Despite its significant rulings in other areas, we don’t have any blockbuster Supreme Court opinions to discuss this week as it has already decided all of class action before it.  Since we don’t have a Dukes, Concepcion, Comcast, or AMEX opinion in the offing, let’s talk about something else.

Courts that employ the two-step certification procedure in FLSA collective action litigation, now the majority, use a relatively lenient standard at the first, “conditional certification” stage.  While courts often note that the plaintiffs must make a minimal showing that the members of the proposed class are “similarly situated” at that stage, that standard is not invisible as a recent case from the Southern District of New York reflects.

In Ikikhueme v. Culinart, Inc., Case No. 12 Civ. 293 (JMF), the employer operated dining facilities at schools, corporations, and elsewhere across the United States.  The plaintiff, a former sous chef, contended that he was misclassified as exempt and asserted overtime claims under the FLSA and its New York counterpart.  When he moved for conditional certification, perhaps because of overconfidence that the classification was in error, he committed two mistakes, resulting in the motion being denied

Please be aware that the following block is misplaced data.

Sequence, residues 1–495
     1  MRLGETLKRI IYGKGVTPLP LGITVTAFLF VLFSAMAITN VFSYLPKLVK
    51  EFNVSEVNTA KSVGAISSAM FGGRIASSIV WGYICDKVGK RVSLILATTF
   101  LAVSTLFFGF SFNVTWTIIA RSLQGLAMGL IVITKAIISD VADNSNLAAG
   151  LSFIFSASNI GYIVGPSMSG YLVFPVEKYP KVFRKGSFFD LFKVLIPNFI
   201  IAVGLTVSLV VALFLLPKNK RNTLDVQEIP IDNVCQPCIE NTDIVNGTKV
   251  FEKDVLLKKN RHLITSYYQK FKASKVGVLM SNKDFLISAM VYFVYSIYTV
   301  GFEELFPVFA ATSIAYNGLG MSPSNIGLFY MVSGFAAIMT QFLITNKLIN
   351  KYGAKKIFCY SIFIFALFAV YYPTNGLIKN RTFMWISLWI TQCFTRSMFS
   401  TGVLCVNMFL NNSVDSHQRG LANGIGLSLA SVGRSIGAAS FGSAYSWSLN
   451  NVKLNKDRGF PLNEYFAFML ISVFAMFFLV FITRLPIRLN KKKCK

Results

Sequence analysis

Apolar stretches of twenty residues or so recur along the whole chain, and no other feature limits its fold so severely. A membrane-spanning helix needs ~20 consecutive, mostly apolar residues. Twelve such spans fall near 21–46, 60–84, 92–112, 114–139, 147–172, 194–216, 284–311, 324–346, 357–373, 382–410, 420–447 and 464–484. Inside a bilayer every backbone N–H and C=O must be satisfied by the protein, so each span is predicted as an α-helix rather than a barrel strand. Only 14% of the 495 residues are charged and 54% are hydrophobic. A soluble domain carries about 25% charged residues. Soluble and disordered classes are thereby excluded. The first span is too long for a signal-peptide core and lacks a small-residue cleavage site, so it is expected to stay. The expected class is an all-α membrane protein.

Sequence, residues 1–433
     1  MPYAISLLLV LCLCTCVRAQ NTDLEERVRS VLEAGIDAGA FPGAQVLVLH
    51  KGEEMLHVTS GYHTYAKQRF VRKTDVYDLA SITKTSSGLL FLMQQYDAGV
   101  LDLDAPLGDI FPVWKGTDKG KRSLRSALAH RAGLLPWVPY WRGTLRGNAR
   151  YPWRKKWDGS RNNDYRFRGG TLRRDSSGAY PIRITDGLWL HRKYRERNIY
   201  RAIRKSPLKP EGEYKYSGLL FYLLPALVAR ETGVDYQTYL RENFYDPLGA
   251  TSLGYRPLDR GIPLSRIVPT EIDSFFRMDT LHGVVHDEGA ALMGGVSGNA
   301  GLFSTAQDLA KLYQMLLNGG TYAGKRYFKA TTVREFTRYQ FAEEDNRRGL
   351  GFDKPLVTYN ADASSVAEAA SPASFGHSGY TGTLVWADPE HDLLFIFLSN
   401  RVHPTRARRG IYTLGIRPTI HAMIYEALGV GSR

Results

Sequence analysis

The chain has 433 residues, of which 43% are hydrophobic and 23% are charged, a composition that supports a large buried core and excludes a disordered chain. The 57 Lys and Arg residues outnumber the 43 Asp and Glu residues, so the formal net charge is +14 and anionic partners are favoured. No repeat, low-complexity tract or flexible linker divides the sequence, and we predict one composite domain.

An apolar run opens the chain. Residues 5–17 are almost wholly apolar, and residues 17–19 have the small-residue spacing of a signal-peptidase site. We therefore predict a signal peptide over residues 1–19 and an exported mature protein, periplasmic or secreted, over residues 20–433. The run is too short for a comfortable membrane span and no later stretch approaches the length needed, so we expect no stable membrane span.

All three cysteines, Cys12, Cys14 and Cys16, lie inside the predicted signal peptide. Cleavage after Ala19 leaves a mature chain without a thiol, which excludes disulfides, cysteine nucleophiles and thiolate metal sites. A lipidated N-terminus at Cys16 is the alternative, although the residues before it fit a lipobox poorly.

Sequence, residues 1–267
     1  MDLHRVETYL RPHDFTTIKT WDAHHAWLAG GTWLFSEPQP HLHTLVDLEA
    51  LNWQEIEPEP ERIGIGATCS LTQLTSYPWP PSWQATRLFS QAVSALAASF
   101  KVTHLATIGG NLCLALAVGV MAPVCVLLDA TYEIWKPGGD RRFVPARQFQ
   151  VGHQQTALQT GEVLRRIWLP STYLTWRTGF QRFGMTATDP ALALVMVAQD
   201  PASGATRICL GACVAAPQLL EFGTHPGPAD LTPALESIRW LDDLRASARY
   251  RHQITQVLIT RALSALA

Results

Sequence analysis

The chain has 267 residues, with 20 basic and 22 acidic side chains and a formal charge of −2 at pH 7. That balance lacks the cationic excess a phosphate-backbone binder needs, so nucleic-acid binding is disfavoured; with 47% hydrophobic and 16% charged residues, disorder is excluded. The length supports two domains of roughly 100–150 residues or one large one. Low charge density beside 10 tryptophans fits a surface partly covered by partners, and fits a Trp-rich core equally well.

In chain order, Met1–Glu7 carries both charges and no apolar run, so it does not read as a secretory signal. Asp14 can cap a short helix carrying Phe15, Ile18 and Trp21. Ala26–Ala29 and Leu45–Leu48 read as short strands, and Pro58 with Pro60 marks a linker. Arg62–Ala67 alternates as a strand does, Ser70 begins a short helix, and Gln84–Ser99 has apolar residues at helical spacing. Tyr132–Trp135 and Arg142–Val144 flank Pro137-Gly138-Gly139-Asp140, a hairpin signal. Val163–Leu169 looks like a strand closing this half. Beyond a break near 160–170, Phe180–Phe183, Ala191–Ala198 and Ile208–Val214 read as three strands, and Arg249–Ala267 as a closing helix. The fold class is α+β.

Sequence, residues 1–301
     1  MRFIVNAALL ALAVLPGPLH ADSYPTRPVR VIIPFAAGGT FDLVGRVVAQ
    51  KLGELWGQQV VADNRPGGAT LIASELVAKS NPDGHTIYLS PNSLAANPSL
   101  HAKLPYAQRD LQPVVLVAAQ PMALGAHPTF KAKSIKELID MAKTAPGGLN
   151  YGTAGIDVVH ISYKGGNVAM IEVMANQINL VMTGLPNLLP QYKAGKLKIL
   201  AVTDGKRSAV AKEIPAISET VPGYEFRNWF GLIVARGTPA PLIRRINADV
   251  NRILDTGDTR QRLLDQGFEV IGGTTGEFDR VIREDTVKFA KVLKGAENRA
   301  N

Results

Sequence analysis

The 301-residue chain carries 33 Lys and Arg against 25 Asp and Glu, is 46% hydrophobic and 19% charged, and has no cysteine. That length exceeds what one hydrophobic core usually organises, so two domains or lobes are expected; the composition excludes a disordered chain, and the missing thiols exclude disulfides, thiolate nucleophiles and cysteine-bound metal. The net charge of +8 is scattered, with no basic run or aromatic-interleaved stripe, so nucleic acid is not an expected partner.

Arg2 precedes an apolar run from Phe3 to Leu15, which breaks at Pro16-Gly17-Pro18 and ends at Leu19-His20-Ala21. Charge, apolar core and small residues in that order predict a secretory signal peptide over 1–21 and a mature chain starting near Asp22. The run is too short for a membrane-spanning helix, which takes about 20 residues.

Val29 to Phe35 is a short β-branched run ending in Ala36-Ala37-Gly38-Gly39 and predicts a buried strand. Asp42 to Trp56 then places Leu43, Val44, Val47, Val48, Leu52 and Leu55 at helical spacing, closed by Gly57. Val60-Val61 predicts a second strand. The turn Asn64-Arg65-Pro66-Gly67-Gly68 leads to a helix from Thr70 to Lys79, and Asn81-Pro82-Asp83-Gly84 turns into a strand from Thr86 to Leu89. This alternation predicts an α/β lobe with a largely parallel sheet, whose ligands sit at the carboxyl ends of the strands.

Mistake No. 1:  Changing the proposed class.  The plaintiff first moved to certify a class of all food service employees working for the employer, a number in the thousands, but then limited the class to sous chefs, a much narrower group.  Still, he sought conditional certification nationwide despite a wide variation in the size of the company’s facilities.  This change of theory likely influenced the court’s view that the plaintiff had no coherent theory covering the putative class members.

Mistake No. 2:  Not showing enough.  More importantly, the plaintiff took an especially minimal approach to certification, relying upon his own declaration reflecting an “understanding” the company’s payroll practices across the country.  The court found this showing “unsupported” and concluded that it failed to meet even the minimum burden for conditional certification.  Thus, the court denied the plaintiff’s motion.

The bottom line:  Despite the low standard, a plaintiff seeking conditional certification under the FLSA must still make a minimal showing that the class members are similarly situated.